World Bee Day comes around on 20 May each year, celebrating our hard-working little pollinators and raising awareness of the significance of bees and other pollinators for our survival.
Insects are the world’s top pollinators: 75% of 115 top global food crops depend on animal pollination, including cocoa, coffee, almonds and cherries, according to the UN.
In a landmark 2019 report, scientists concluded that nearly half of all insect species worldwide are in decline and a third could disappear altogether by century’s end. One in six species of bees have gone regionally extinct somewhere in the world. The main drivers of extinction are thought to be habitat loss and pesticide use. The climate crisis could lead to more small-bodied bees but fewer bumblebees, according to research warning of potential “cascading” effects on plant pollination and across whole ecosystems.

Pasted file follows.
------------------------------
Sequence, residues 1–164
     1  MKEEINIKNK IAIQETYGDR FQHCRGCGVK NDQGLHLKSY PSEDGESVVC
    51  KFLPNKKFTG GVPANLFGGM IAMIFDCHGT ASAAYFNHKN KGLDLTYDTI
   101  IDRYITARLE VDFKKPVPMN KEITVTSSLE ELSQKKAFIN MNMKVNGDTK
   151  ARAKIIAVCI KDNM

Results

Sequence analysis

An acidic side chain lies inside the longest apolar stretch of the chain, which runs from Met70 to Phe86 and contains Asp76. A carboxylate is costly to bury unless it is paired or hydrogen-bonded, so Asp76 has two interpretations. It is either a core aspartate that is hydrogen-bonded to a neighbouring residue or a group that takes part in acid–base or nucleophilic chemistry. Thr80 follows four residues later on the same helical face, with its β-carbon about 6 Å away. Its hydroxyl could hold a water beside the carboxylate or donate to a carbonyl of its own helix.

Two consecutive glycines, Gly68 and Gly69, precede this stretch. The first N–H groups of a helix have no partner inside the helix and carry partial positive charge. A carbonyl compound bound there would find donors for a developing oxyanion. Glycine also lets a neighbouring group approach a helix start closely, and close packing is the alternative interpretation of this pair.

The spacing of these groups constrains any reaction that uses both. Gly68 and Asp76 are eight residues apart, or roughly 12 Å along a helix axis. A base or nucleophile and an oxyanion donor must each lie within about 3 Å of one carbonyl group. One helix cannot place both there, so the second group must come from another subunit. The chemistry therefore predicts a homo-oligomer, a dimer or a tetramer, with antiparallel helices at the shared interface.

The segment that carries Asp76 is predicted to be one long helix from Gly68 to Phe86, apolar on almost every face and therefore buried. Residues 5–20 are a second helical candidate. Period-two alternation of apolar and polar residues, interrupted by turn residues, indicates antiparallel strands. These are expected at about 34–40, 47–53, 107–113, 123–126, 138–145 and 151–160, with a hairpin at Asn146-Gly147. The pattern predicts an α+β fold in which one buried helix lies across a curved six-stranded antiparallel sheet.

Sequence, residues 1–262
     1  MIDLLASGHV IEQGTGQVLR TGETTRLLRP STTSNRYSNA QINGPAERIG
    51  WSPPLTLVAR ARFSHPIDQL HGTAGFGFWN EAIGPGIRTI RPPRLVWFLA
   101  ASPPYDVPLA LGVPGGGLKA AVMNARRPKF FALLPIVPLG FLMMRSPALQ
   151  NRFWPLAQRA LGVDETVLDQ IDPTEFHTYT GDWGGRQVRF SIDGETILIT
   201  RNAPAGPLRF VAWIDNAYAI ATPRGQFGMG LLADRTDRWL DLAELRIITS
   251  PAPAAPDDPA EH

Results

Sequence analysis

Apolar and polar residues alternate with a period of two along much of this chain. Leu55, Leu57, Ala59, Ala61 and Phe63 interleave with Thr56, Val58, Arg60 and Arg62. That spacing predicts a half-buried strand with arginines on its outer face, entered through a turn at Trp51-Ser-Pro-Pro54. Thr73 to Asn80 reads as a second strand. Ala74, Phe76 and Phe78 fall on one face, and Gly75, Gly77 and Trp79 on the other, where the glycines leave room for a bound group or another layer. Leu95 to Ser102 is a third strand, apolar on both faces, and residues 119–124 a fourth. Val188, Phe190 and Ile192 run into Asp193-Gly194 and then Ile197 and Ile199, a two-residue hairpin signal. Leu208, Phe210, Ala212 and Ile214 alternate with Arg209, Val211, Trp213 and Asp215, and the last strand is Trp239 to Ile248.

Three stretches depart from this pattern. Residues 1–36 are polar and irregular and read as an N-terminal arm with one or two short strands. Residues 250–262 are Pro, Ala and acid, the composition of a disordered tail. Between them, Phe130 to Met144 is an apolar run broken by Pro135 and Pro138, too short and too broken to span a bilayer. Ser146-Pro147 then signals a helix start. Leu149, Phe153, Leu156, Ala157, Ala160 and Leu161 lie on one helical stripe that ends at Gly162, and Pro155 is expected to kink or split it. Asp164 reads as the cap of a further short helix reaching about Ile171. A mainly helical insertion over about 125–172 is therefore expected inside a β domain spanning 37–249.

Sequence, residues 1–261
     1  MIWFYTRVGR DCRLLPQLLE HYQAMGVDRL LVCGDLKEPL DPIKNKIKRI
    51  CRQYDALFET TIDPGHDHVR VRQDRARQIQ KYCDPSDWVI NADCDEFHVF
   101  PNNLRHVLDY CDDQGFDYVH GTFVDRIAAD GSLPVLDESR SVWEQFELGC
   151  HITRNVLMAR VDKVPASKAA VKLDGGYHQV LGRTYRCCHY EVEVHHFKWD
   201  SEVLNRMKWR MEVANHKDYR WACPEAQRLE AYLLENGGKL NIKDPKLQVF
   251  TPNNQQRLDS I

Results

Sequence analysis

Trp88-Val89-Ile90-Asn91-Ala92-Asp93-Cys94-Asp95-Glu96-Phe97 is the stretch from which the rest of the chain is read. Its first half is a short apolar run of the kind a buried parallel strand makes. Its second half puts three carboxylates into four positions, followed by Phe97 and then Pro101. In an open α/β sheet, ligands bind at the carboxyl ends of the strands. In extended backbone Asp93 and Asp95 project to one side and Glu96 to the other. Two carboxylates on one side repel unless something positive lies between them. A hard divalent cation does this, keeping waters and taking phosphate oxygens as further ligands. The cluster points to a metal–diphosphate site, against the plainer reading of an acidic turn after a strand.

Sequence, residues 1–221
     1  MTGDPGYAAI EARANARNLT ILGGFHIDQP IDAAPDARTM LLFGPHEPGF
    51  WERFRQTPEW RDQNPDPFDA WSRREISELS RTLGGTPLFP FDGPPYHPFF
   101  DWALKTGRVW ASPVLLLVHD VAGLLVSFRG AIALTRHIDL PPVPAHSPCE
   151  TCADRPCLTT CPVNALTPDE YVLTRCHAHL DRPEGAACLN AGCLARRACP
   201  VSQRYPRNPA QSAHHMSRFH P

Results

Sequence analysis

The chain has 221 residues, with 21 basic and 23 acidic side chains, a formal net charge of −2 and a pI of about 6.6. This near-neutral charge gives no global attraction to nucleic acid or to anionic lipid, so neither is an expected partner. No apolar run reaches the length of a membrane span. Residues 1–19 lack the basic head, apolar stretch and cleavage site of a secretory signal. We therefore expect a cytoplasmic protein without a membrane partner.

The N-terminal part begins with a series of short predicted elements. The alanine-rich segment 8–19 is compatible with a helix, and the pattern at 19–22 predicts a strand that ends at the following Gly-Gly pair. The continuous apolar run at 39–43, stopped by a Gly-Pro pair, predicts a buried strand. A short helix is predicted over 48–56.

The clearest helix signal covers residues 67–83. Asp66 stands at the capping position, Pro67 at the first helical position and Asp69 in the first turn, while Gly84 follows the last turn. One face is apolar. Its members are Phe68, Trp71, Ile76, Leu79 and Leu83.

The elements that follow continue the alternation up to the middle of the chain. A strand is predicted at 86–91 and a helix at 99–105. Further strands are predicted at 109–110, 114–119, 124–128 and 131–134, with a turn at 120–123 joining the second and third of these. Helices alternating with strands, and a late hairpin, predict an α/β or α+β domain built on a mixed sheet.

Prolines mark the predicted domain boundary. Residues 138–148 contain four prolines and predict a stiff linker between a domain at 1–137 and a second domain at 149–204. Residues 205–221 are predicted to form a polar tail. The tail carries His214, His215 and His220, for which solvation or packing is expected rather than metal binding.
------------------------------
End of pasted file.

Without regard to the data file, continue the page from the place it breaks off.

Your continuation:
How you can help pollinators
Plant a pollinator-friendly garden
- Choose plants native to your region.
- Choose nectar- and pollen-rich flowers with a range of shapes, sizes, and colors.
- Avoid modern hybrids
- Have several different plants in bloom from early spring through late Autumn
- Plant in drifts
- Avoid landscape fabric and mulch
- Avoid pesticides
- Provide clean water for pollinators with a shallow dish, bowl, or birdbath with half-submerged stones for perches.
- Leave dead tree trunks, also called “snags,” in your landscape for wood-nesting bees and beetles
- Join Landcare or another land conservation group in your community by helping to create and maintain community gardens and green spaces to ensure that pollinators have appropriate habitat.
Prepare a bee-inspired menu
Arrange a screening of the award-winning film ‘The Pollinators’
Watch The Pollinators trailer here.